7. people trying to barge the queue at the meat counter.

Having said the above its no big deal, after all I am in Poland as the locals say, Fair enough I am getting damn good at shouting and barging like a local.
cms 9 | 1,271
29 Jul 2016 #11
One of the main reasons is that they don't keep the right change in the till and the Pole's also never get their payments ready while they stand in line

also seems to be a lot of holding up items and then shouting at someone to get the right price, so their scanners might be old.

I think Lidl is very good though - till line always moves quickly and they have the correct number open.
Atch 17 | 3,309
29 Jul 2016 #12
Always expect you to have loose change, it's their shop,up to them to have cash in tills to run it.

Here's the phrase Mr Atch gave me for that situation:

'To jest sklep. To Pan/Pani powinna wydać mi resztę a nie ja Pani!'

This thread has already provided two useful supermarket vocubulary phrases for the learner of Polish :) Not that you need it Dolno. By the way the other day when I was rambling on about something, I most unintentionally lumped you in with the 'hysterical' Poles on the forum. You're also an exception, cast in the same mould as Ziemowit, a proper Polish gent!
dolnoslask 6 | 3,193
29 Jul 2016 #13
Yep lidl is probably best I agree.

Funny just been out to Biedronka , as usual couldn't get to the chillers for a stack of pallets , potatoes had gone slimy, onions no better really.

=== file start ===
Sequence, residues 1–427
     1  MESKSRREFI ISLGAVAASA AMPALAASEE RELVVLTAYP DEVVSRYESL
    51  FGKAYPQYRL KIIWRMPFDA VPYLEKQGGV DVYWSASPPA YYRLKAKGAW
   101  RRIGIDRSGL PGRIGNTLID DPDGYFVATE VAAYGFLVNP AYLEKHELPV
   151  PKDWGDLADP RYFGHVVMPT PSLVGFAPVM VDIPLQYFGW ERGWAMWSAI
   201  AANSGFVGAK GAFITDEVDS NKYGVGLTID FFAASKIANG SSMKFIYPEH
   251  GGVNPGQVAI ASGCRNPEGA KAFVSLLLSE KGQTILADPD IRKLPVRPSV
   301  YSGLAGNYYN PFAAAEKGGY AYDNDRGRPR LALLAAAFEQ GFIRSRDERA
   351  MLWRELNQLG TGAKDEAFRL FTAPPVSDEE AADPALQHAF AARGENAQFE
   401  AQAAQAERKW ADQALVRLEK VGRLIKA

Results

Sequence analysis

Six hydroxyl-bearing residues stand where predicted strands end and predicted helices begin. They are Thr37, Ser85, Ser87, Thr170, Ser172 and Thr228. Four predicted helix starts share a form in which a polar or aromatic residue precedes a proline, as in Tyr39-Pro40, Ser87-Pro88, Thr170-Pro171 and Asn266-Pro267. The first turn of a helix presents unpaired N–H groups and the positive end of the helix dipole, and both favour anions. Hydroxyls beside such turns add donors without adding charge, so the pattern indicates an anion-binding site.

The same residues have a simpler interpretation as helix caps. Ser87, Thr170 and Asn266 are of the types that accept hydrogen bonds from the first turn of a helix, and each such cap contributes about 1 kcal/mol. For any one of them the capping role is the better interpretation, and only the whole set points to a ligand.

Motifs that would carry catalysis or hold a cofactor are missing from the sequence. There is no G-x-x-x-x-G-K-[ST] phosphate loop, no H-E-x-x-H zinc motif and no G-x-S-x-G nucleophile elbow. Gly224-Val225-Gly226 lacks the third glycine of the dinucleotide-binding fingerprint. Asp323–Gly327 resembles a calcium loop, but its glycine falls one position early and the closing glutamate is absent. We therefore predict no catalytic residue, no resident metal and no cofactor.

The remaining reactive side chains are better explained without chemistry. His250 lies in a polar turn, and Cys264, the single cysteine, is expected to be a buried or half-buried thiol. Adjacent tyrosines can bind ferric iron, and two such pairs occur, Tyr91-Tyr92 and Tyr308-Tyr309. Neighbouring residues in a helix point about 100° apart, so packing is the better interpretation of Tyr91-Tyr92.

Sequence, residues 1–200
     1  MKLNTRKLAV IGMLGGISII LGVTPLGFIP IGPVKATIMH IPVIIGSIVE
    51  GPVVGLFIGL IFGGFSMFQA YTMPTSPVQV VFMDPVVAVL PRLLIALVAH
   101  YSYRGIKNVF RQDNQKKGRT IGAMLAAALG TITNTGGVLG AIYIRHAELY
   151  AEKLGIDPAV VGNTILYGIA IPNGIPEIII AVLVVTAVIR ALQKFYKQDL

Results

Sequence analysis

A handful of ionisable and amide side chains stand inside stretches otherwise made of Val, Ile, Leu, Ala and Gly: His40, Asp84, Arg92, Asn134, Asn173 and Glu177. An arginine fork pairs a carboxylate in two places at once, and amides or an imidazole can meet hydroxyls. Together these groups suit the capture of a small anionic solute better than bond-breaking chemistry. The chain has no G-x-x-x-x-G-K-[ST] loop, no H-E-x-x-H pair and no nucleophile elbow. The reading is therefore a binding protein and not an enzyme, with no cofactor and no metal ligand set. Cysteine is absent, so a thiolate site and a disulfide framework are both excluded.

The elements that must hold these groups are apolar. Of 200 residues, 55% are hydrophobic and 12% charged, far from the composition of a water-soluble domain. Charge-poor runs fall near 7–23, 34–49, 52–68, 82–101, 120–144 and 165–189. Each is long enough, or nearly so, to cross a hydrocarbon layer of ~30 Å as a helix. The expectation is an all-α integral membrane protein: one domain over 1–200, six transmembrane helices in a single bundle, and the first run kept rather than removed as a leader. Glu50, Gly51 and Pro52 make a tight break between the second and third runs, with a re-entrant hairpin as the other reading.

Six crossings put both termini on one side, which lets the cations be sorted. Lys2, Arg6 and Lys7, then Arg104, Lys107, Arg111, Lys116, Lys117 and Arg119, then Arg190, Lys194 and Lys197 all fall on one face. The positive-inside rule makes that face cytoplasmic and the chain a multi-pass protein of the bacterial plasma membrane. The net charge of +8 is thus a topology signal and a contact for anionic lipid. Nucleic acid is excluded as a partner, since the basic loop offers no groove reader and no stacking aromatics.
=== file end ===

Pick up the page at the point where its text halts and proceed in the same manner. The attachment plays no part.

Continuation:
One breakthrough a lady on the opposite checkout recognized us and went out of her way to say hello, so off to Lidl tomorrow to get fresh onions potatoes and chilies, for the life of me I don't know why someone would buy slimy onions and potatoes , someone must, they have sacks of them.,

Oh the other trick they have is to peel the slimy skins off the onions and the put them back on the shelf, they are usually still rotten inside the core.

Atch Thank you for your kind words, but my wife would be the first to tell you that I am still prone to some Polish hysteria at times (getting less as I get older).

I must admit if someone started lecturing me about change at the till I would be tempted just walk away leaving all the stuff behind, but my wife would step in and sort me out.
Cardno85 31 | 976
29 Jul 2016 #14
Also avoid all Beidronkas for the same reason, really slow.

I think it's unfair to lump them all in the same. My local Biedronka in Kurdwanów was always quick on the bell when the queues mounted up and they got a new one open in no time. I won't blame the staff for some of the Babcias moving at the speed of light to get in front of you in the queue only to lose all concept of speed once there.
dolnoslask 6 | 3,193
29 Jul 2016 #15
"Babcias moving at the speed of light "

They are like racing snakes, I have never been able to beat one to a new checkout it's like they have a sixth sense.
Ironside 49 | 10,626
30 Jul 2016 #16
They are like racing snakes, I have never been able to beat one to a new checkout it's like they have a sixth sense.

Hilarious, thanks for that dolno, :D
kpc21 1 | 763
30 Jul 2016 #17
Most of the large supermarkets are French or German, not owned by Poles.

And British and Portugese.

Although Intermarche and small Carrefours ("Carrefour Market", if I remember well) are franchise branches, so they are not owned by Carrefour. Leclerc, I think, as well, although I am not sure about that.
smurf 39 | 1,981
31 Jul 2016 #18
I won't blame the staff for some of the Babcias moving at the speed of light to get in front of you in the queue only to lose all concept of speed once there.

Hahahaha! Brilliant :)